“All that is necessary for the triumph of evil is that good men do nothing.” – 19th-century philosopher John Stuart Mill (para.)
“I think it is one of the tragedies of our nation, one of the shameful tragedies, that eleven o’clock on Sunday morning is one of the most segregated hours – if not the most segregated hour – in Christian America.” – Rev. Martin Luther King, Jr
As I sat in church this past Easter Sunday, I suddenly found part of the answer to a question I’ve had for a while: “How could so many educated, reasonable, and professing Christians boldly support a candidate who seems to embody anything but the values they espouse?” (While the problem certainly isn’t limited to Christians, it is in direct contrast to the heart of the faith.) Something simply hadn’t tied together, but came clear now. I had always assumed it was about what (who?) people were against, but I believe it is really what (and certainly who) people are actually for.
Here I sat in the largest church in our town, and there was but a smattering of color found amongst the congregation. In fact, the two largest churches in the area have not a single person of color (any color) among their leadership. In all fairness, one of the larger MBC’s in the area shows exactly the opposite, so it’s not a singular problem. The question is obvious: how can we understand a diverse people if we never encounter them? How can we possibly empathize with a people we don’t know, on even the most surface level?
For example, I have worked closely with illegal immigrants – including those who didn’t take jobs away from Americans, but took jobs that many Americans didn’t want. What I remember most clearly from my interactions with them can be witnessed by merely stepping into a Western Union on payday. As the Pew Research Center illustrates, almost $55 billion in remittances was sent to Mexico and Latin America in 2013. The easy route would be to mention how this is enriching the Mexican economy at the expense of the American one. However, when you know the people sending the money – when you’ve lived next door to six men sharing a two-bedroom town house, working 80+ hours/week at multiple jobs, sending the vast majority of the money to wives, kids, parents, and siblings back home – you tend to be a little slower to judge. Seems an ideal opportunity to show grace and compassion.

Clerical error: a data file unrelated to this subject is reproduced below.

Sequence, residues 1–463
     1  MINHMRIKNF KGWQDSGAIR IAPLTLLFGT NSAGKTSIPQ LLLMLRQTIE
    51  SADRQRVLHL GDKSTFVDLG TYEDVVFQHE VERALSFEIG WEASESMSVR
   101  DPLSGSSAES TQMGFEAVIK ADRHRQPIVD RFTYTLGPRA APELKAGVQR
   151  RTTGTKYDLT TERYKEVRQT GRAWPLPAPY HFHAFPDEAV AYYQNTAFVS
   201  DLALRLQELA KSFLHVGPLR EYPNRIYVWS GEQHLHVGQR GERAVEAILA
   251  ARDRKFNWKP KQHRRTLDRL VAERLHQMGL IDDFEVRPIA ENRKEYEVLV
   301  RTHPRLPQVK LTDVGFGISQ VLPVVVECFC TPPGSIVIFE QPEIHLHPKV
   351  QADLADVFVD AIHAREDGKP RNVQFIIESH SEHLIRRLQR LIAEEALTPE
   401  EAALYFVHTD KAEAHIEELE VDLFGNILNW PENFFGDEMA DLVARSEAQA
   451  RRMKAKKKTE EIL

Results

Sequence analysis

This is not simply about race, either. You cannot be an effective and responsible pro-life advocate if you haven’t taken the time to know women making the difficult choice about whether to abort a child. You are unlikely to make wise choices regarding social justice and welfare without trying to understand the plight of those on the brink. When voting to ban gay marriage, do so with the weight of conversations with gay friends and family in your heart. (Don’t have them? Seek them out and live a life of shared experiences.) Before you consign an atheist coworker to Hell, ask him for his story, and really listen to what he’s saying. We try not to hurt the ones we love, but we can’t love those we haven’t met, beyond some vague affection for mankind in general. When the diversity of thought, experience, and beliefs is limited to the narrowest of ranges, it is difficult to overcome the inclination towards an “us” and “other than us” mentality.